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You Lost Your Job: How To Deliver The News To Your Family, Friends, And Prospective Employers

Losing your job is hard, no matter the circumstances. Whether you were happily employed in a role for years or were dreaming of the day you could quit a dead-end job, it’s never ideal to have the decision made for you.

Of course, a job loss presents a serious problem due to the loss of income and benefits, but there’s another tricky issue to maneuver: delivering the dismal news to others. Losing your job can come with a mess of emotions, including disappointment, despair, and dread, and telling people can be daunting. Well, we’ve got some words (don’t we always?) that can help you communicate the not-so-happy news.

Laid-off, fired, or furloughed?

When it comes to losing a job, the terminology about your termination matters, particularly when you’re looking for a new job.

In general, being fired means you’ve been let go due to a performance issue or something the employer believes you did wrong. Being laid off is a phrase that typically refers to a situation in which the employee isn’t at fault, but they had to be let go due to circumstances, such as when a struggling company can’t keep all its workers on the payroll.

Furlough, which is often used as a military term, refers to a case in which an employee is laid off temporarily. When this word is used, there is usually the possibility that they’ll be able to return to that position at some point in the future. Clearly, being furloughed is the most favorable, while being laid off is better than being fired. First evidence of the word furlough dates back to 1615–25, and it stems from the Dutch word verlof, meaning “leave, permission.”

Educate yourself on all the differences between furloughs and layoffs so you can be prepared for any situation.

Other, less-formal and more nebulous terms for losing a job include getting sacked, being let go, getting canned, and getting axed. As for the word job itself, first evidence of it dates back to 1620–1630, though its origin is unknown.

Delivering the news

While there are those who simply post the news of their job loss on social media and let the cards fall where they may, most want to let people know of the loss a bit more delicately. As with most things in life, knowing your audience and catering the message accordingly is key.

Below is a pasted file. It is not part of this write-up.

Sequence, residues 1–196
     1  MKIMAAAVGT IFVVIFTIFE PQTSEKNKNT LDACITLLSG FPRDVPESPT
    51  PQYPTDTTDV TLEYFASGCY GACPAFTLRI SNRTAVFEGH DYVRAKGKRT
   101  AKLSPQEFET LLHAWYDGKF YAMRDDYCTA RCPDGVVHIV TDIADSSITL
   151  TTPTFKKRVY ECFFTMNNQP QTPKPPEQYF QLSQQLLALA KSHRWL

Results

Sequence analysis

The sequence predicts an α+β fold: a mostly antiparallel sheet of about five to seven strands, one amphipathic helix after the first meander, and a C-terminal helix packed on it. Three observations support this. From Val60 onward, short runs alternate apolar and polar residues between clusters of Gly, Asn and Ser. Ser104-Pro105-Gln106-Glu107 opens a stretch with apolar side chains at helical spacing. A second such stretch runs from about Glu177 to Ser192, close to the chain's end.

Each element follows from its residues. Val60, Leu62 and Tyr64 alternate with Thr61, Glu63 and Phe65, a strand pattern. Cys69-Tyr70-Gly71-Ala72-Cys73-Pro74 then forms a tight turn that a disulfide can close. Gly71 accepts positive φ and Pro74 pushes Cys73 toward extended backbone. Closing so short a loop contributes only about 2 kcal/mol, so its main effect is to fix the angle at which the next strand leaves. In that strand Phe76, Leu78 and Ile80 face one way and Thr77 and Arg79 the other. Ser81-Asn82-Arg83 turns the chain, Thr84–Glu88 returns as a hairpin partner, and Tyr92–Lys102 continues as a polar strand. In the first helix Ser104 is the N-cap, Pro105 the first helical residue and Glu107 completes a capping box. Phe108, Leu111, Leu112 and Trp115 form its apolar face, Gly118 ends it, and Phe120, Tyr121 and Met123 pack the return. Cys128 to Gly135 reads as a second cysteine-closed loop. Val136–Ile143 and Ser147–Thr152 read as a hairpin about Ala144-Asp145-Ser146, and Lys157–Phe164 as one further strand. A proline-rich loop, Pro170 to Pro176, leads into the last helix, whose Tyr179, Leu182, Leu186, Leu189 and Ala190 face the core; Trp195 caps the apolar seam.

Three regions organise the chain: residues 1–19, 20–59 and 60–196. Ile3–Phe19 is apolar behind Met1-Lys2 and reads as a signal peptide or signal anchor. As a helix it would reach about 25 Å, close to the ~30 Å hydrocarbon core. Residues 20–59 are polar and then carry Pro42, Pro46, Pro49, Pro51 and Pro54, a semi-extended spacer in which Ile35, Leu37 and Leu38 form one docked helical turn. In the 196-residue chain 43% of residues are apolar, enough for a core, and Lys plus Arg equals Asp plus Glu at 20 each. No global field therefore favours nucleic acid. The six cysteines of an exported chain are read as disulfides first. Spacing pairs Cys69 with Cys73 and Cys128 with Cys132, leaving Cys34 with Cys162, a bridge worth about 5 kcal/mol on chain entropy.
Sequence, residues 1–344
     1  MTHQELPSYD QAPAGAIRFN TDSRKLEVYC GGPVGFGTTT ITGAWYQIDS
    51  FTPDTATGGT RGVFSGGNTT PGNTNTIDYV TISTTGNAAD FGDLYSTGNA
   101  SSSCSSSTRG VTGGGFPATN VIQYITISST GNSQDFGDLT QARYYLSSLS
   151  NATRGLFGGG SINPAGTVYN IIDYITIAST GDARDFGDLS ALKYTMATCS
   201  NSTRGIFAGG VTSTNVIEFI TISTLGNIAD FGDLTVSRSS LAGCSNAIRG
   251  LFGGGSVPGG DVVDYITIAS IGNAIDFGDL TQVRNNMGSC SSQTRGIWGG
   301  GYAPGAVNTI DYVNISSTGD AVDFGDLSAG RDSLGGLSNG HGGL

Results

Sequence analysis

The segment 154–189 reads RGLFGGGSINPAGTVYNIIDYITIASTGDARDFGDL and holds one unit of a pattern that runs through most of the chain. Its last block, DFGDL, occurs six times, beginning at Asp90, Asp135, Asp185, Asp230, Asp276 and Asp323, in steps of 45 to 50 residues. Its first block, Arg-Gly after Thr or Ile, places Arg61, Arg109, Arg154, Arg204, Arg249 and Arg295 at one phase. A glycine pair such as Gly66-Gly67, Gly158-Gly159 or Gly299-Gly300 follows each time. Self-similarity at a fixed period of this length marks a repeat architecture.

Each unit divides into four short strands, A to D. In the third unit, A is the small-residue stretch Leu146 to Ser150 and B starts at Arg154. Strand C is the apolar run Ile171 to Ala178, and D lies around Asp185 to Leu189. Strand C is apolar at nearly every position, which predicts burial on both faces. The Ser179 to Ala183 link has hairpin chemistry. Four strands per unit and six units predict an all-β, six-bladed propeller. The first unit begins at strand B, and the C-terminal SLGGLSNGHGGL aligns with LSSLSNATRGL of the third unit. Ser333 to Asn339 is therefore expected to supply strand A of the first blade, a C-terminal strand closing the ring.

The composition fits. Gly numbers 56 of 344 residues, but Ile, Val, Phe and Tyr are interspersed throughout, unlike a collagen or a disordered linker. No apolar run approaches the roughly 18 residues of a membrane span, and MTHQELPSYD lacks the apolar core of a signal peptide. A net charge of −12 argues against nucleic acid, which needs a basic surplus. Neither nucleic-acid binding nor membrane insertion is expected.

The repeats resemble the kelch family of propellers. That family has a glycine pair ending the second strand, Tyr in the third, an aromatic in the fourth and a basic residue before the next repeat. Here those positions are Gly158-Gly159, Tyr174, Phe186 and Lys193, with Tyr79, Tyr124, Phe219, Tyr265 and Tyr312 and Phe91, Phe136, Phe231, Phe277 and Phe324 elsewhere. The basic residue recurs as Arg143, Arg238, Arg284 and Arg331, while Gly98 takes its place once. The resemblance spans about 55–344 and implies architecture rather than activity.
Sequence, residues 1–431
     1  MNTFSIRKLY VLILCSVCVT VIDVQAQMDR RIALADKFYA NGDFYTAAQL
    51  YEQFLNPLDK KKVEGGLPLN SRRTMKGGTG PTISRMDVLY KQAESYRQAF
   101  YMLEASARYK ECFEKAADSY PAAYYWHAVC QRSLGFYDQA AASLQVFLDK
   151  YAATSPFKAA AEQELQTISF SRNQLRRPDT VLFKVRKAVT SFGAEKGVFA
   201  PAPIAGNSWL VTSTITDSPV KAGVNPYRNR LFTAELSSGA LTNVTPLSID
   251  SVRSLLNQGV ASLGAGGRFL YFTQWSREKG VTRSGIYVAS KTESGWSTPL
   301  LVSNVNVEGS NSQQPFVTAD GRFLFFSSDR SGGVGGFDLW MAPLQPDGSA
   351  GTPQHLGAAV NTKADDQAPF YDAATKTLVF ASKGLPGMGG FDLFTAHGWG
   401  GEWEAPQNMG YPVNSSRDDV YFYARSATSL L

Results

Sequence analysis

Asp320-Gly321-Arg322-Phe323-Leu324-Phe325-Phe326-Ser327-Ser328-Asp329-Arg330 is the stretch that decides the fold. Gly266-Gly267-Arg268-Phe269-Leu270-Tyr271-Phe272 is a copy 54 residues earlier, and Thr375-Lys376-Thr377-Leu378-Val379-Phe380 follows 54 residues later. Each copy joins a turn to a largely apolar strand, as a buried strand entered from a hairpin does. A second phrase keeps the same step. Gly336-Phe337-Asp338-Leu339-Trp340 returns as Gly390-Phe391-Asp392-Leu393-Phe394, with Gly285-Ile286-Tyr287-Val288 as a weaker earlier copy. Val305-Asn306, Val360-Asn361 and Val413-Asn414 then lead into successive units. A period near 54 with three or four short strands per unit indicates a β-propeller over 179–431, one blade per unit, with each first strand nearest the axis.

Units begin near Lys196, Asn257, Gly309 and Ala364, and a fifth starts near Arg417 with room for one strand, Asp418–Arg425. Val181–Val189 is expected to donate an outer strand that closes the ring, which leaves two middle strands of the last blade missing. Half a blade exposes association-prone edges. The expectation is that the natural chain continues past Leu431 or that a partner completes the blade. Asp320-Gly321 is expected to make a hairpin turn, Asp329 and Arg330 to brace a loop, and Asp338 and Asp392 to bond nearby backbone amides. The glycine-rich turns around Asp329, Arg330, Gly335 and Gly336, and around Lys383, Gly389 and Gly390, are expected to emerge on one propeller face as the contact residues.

Telling your family 

Losing a job may bring on feelings of anxiety, shame, and inadequacy, and though it may be difficult, sharing the news with family members can be cathartic. Their initial reaction may be emotional as well, but delivering the news with a theme of optimism, pliancy, and resilience can help, particularly when children are involved. Reassure them that this happens, and that everything will be OK.

Don’t be afraid to ask for support and share your feelings of frustration and loss, though. You may say something like, “I’m really sad about losing my job, and I’m going to need your support.”

Telling your friends and neighbors

As humbling as it may be, sharing the news with your friends and acquaintances is likely inevitable. Being upfront about what happened can squash any speculation or rumors, and they also may also be able to tip you off to other employment opportunities.

Just be sure you don’t badmouth your former employer, no matter how angry you may be about what went down. That’s not a good look for anyone, and you never know which prospective employers may hear or see your comments. Keep it short and sweet, particularly on social media. For example, “After [X] years, I’m no longer working for [X company]. I’m on the lookout for new opportunities, so hit me up if you hear about any.”

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Telling your prospective employers 

When looking for a new job, be upfront about why you lost your job. Above all, never lie. Be honest and put a confident, positive spin on how your skills will transfer well to a new opportunity. You might say something like, “While I thrived at [X] for years and am proud of my accomplishments there, I feel like I’m ready to expand my reach and take things to the next level, which I feel I can do in this role.”

If you were laid off, be sure to explain why the company had to let people go, and, assuming you weren’t the only one, let them know that, too.

Losing a job is one of the most stressful things to face, but it happens. Telling people is not only inevitable, but it can help you get the emotional support you need and may even lead to new opportunities. Eventually, you’ll be contemplating a much brighter announcement—how to tell people you got a new job.

They say no news is good news, but for some, the best news is having a baby! Find out how best to share that announcement.

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